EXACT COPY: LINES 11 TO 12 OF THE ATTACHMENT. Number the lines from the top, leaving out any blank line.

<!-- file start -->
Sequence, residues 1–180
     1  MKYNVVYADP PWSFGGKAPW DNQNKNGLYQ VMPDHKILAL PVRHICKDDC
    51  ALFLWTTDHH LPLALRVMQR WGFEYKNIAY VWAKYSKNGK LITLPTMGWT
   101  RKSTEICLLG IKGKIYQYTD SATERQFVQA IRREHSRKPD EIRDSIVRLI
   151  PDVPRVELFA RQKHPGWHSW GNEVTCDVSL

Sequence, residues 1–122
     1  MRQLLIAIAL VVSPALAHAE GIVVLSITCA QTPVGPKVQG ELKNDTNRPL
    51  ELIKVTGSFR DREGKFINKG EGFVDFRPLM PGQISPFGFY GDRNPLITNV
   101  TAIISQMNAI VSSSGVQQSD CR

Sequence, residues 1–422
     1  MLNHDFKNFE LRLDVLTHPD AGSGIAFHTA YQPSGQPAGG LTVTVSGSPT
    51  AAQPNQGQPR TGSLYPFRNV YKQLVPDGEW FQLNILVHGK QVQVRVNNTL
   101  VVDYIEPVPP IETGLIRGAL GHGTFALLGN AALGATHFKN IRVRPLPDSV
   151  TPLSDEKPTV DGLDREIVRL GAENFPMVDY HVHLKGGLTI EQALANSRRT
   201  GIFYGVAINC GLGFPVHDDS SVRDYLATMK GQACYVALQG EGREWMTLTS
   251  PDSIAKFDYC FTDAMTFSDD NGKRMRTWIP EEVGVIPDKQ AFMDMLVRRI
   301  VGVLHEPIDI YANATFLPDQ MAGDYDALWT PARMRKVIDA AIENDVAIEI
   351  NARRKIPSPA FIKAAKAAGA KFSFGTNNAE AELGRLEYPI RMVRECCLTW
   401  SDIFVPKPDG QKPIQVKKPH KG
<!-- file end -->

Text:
     1  MLNHDFKNFE LRLDVLTHPD AGSGIAFHTA YQPSGQPAGG LTVTVSGSPT
    51  AAQPNQGQPR TGSLYPFRNV YKQLVPDGEW FQLNILVHGK QVQVRVNNTL